Being isolated from a society between large walls, guards and several other prisoners is surely one of the strongest human experiences. Have you ever imagined what that same situation would be like, but on an island with the blue sea as the only limit to your freedom? The records of the General Archive of the Nation (AGN) allow us to navigate through the operation of a penitentiary center of these characteristics.
In 1905, the government of Porfirio Díaz established the Islas Marías Federal Penal Colony in the archipelago of the same name, whose center was located on the largest island called Isla María Madre. From the first years, it was sought to prevent the prison from being used to deport indigenous rebels for forced labor until their extermination, as in the case of Quintana Roo.
On June 20, 1908, a reform to the Penal Code stipulated that only people who had been sentenced to relegation, which had to be served in colonies and prisons located on islands or places of difficult access and communication with the rest of the country, could be taken to this site.
Those sentenced to this penalty had reoffended in minor crimes such as theft, vagrancy, begging, and forgery, so they were sentenced to relatively short sentences, but thanks to the reform a maximum sentence of six years and a minimum of two years was established. Prisoners who observed good conduct and obtained their freedom could choose to settle on the island with their families.
After the fall of the Porfirian regime, the Islas Marías Federal Prison was scrutinized and examined under the critical eye of the legislators of the Constituent Congress of Querétaro. The deputies had divided positions on the subject: some considered the Islas Marías to be a place similar to Siberia where the undesirables and opponents of the "czar" Porfirio Díaz were transferred.
Others believed that the State had the right to maintain these spaces to guarantee justice, punishment, and regeneration through work. The latter view prevailed and was legislated in the second paragraph of Article 18 of the 1917 Constitution: "The Governments of the Federation and the States will organize, in their respective territories, the penal system -penitentiary colonies or prisons- based on work as a means of regeneration".
During the 1920s and 1930s, the Islas Marías Federal Prison underwent a series of restructurings. New interim prison regulations were enacted in 1921 and a decade later the Penal Code for the Federal District and Territories was reformed. The main change was that control of the Tres Marías archipelago was granted to the figure of the captain of the penal colony, who had broad powers of political jurisdiction as he was a representative of the Ministry of the Interior.
It was also determined to maintain confinement on the site for those sentenced to relegation. This had a negative effect by perpetuating the stigmatization of beggars, vagrants, and recidivists in the crime of theft, the main condemned and marginalized sectors in that colony whom General Francisco J. Múgica tried to reintegrate during his administration.
They were joined by political prisoners, including communists and trade unionists persecuted in the early 1930s. The young José Revueltas was one of those sent because of his social commitment, militancy, and Marxist thought, and he left testimony of his time in the penal colony in his work entitled Los Muros del Agua (The Walls of Water).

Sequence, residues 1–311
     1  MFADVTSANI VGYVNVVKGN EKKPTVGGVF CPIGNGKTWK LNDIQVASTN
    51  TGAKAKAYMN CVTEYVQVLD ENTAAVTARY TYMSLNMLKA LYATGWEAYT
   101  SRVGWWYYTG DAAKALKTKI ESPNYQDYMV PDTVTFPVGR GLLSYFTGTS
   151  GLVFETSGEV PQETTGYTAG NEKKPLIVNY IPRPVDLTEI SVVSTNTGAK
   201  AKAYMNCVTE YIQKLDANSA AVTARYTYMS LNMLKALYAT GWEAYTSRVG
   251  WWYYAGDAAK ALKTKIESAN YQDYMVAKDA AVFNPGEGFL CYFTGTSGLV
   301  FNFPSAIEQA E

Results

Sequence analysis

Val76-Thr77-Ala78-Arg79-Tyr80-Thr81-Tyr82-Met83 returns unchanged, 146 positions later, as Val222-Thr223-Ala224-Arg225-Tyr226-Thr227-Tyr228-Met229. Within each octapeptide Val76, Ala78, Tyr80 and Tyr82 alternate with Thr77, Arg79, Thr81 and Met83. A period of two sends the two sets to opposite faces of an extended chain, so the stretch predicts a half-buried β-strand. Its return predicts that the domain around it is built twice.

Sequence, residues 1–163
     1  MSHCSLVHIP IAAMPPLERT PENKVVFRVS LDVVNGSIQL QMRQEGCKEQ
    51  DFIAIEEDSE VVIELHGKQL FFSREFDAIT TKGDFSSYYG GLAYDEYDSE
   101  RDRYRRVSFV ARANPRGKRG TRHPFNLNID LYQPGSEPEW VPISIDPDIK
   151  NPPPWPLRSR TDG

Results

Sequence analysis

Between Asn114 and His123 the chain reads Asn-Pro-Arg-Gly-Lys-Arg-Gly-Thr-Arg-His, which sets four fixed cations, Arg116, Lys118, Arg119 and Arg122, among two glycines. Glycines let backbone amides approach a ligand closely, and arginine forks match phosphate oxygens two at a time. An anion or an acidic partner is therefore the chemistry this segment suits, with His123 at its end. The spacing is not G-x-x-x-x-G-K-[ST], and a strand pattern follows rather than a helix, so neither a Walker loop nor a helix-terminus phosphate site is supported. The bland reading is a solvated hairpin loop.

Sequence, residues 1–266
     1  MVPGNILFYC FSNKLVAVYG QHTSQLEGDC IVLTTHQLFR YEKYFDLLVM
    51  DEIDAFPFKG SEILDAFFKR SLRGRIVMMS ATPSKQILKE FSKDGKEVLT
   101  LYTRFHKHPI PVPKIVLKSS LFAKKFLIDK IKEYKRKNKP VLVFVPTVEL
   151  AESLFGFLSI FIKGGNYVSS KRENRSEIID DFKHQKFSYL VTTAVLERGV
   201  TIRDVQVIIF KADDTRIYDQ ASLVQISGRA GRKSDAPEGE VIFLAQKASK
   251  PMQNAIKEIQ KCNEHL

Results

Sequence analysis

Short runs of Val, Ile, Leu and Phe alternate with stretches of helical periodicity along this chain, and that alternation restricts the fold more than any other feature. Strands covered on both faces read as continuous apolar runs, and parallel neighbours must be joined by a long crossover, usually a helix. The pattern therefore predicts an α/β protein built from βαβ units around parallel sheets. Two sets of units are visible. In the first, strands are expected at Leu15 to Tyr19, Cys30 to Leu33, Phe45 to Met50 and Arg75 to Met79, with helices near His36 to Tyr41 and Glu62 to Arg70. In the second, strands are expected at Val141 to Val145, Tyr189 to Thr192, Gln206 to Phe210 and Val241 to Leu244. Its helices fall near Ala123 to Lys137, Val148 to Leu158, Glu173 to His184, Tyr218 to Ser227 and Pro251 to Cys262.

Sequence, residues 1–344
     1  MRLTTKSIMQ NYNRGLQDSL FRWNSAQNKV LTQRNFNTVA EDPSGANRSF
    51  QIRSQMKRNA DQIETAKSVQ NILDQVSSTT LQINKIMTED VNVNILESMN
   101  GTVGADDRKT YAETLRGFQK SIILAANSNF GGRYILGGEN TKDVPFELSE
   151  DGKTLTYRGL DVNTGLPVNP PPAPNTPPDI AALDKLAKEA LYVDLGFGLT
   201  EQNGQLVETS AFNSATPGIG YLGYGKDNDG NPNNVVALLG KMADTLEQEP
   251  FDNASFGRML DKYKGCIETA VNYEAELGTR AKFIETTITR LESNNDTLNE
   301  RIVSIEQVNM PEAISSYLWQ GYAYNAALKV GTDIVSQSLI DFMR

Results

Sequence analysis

During the last years of the government of President Lázaro Cárdenas, the territorial jurisdiction of the federal government over the archipelago was reaffirmed through the Ministry of the Interior, a State agency that decided the type of prisoner or person that could be sent to the site, as well as the organization and exploitation of the economic activities of the prison.
In this context, two projects were presented aimed at confining two types of population. The first was presented in 1939 by the General Directorate of Population of the SEGOB to transfer the so-called gypsy population, considered by the State as a "race" or "tribe" that constituted a "social danger and an obstacle to the economic and educational progress of the country". Once these communities were established on the island, they would be introduced to the work of the henequen and salt industry, activities that were mainly developed in the area "for the benefit of the national economy".
The project did not specify the type of crime that was considered as "antisocial conduct". However, it contemplated that all these individuals would fall under the Law of Suspension of Individual Guarantees established by decree of June 1, 1942, which indicated its application to persons who committed espionage, treason, conspiracy, rebellion, sedition, public disorder, the revelation of secrets and crimes of social dissolution.
To select the prisoners to be transferred to the archipelago, it was determined that the Department of Social Prevention of the SEGOB and the Federal District police should generate lists of the individuals to be isolated. At the beginning of February 1943, it was agreed to send the first contingent of deportees, made up of 255 men and women. To these deportations was added, in the middle of that same year, a group of about 50 foreigners, who had been investigated and pointed out as "dangerous" persons by the Executive Power and the Department of Political and Social Investigations.
The registration of people to be deported to the Islas Marías continued at the end of the World War II conflict. The archipelago continued to function as a penitentiary complex until its closure in 2019. Then, the process of re-signifying the space to turn it into a site for culture and environmental protection began. However, part of the dark side of its history will continue to be preserved in the archives of the AGN.